CHAD: Compact Hand-Assistive Device for enhancement of function in hand impairments[Formula presented]

Fady Alnajjar, Hassan Umari, Waleed K. Ahmed, Munkhjargal Gochoo, Alistair A. Vogan, Adel Aljumaily, Peer Mohamad, Shingo Shimoda

Research output: Contribution to journalArticlepeer-review

10 Citations (Scopus)


Hand-assistive devices are used to help post-stroke victims encumbered with hand impairments perform activities of daily living (ADL). Unlike robotic rehabilitation devices used in restricted medical conditions for designated periods, hand-assistive devices are designed to be portable and to be used for extended periods by individuals engaging in ADL. Several hand-assistive device designs have been proposed. With these, designers have focused on key elements, such as size, weight, motion profile of the fingers, and generated grip/pinch force. In this paper, we propose a unique compact hand-assistive device (CHAD) that incorporates most of these design parameters, but with less trade-offs. CHAD consists of a single unit worn on the patient's forearm, which includes all necessary components. It is compact and does not compromise functionality. The novelty of this design can be found in the use of a unique cable-driven mechanism. This mechanism uses dual linear actuators to achieve the flexion of both the index and the middle fingers via the pull of tendon-like structures originating in two selected interphalangeal joints. This permits the numerous necessary sequences in the motion profiles of the digits. The thumb is also made able to flex with a single linear actuator. Finger extensions, in contrast, are achieved passively via adjustable flexible rubber cords joined to the dorsal side of the glove. Experimental results demonstrate that CHAD generates sufficient force and motion profiles for the comfortable execution of ADL. Additionally, CHAD produces a grip and pinch motion profile similar to that of a natural hand and does not force unwanted muscle activities.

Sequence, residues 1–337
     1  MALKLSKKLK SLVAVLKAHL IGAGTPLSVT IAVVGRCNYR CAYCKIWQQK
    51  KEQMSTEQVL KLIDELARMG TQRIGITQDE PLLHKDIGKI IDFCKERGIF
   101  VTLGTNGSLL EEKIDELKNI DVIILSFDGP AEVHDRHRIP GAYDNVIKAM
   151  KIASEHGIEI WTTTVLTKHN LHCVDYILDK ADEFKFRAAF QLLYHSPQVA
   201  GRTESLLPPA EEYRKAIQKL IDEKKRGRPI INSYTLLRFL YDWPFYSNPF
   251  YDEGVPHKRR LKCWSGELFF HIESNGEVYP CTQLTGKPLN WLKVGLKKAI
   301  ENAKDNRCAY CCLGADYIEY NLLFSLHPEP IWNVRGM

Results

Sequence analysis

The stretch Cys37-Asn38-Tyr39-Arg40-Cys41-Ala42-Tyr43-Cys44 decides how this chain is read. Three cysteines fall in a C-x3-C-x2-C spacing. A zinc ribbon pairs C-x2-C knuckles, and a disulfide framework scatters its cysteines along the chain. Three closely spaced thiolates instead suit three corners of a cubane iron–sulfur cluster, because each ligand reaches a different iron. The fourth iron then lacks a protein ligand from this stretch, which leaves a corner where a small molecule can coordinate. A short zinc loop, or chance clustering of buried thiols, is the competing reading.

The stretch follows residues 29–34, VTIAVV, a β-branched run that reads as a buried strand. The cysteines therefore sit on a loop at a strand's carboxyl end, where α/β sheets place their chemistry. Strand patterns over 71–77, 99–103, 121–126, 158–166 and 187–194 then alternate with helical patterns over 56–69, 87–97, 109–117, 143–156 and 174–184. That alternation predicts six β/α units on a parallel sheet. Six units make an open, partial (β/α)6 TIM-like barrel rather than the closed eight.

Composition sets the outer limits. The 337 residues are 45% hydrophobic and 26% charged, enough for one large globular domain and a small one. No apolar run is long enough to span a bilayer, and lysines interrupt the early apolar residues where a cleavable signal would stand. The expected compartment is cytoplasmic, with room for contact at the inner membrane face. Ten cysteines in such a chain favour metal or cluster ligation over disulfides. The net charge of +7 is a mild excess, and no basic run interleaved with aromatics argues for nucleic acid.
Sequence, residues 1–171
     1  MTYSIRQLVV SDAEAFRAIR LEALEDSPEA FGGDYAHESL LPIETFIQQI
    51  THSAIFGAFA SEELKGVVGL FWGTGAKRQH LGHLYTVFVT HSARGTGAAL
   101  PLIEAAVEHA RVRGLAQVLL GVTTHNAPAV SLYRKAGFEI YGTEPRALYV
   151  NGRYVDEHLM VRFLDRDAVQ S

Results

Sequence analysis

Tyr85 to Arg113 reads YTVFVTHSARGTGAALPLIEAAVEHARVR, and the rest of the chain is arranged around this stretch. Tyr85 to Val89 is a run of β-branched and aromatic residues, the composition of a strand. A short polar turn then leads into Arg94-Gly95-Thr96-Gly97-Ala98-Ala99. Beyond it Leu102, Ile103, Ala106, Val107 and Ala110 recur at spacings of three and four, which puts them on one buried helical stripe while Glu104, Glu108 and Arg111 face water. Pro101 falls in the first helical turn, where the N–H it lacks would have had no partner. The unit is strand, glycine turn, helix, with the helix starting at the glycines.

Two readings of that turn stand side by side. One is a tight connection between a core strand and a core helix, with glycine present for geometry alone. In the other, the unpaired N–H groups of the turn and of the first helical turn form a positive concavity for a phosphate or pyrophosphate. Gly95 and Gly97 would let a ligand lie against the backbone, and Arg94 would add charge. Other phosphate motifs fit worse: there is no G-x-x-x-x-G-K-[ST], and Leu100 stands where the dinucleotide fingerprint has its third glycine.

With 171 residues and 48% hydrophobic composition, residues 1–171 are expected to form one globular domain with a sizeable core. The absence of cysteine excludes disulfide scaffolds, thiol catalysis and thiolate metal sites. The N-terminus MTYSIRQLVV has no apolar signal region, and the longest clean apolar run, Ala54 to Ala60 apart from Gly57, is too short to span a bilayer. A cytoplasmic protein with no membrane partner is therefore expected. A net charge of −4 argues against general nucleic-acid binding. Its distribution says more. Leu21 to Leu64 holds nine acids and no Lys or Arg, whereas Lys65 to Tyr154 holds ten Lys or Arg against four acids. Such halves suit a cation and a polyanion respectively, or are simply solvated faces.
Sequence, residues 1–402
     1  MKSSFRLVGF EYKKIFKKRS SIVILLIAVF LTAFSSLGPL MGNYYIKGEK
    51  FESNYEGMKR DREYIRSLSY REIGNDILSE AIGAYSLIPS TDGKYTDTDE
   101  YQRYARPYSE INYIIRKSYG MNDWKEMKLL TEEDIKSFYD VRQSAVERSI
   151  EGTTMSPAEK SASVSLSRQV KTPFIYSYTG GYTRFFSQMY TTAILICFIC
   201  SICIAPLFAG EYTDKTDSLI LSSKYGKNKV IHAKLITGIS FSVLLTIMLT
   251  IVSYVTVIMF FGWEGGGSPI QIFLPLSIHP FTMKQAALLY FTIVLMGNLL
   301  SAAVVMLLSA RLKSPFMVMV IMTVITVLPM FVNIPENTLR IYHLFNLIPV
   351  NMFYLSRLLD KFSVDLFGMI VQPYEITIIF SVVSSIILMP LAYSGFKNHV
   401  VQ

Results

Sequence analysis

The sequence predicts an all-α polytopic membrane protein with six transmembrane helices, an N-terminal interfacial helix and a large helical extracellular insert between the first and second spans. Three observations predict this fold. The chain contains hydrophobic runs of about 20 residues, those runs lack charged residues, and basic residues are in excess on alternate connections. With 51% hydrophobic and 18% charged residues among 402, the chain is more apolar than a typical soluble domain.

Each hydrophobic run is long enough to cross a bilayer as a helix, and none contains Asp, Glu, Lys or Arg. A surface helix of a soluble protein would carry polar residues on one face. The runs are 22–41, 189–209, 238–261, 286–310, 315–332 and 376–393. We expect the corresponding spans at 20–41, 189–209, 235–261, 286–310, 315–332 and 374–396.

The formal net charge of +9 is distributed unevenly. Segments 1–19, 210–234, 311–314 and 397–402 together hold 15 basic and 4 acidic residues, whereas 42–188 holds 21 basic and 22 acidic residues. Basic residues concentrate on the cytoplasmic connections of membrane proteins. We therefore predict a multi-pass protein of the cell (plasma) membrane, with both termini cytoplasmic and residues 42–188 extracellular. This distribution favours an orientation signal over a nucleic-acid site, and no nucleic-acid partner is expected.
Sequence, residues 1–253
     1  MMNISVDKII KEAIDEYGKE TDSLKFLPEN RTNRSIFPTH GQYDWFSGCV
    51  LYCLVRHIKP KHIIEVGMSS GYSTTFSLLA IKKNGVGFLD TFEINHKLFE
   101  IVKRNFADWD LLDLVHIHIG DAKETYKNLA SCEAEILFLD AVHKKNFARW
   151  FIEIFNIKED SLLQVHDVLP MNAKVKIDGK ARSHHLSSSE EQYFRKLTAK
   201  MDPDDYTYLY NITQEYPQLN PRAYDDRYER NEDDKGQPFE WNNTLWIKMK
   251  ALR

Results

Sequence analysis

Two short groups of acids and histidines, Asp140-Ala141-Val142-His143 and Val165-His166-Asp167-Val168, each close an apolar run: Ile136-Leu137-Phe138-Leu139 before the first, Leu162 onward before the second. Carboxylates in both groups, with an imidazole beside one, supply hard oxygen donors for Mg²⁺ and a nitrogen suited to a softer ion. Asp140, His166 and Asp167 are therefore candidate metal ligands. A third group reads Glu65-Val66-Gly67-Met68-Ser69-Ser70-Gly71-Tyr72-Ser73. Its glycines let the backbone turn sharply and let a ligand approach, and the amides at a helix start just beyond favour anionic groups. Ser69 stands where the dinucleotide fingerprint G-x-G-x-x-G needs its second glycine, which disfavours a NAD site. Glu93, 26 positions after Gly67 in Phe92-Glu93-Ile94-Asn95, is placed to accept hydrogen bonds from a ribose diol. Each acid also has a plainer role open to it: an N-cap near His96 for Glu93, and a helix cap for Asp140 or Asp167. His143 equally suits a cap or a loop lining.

Original languageEnglish
Article number103784
JournalRobotics and Autonomous Systems
Publication statusPublished - Aug 2021


  • Activities of daily living
  • Assistive wearable robot
  • Post-stroke
  • Soft robotic glove

ASJC Scopus subject areas

  • Software
  • Control and Systems Engineering
  • General Mathematics
  • Computer Science Applications


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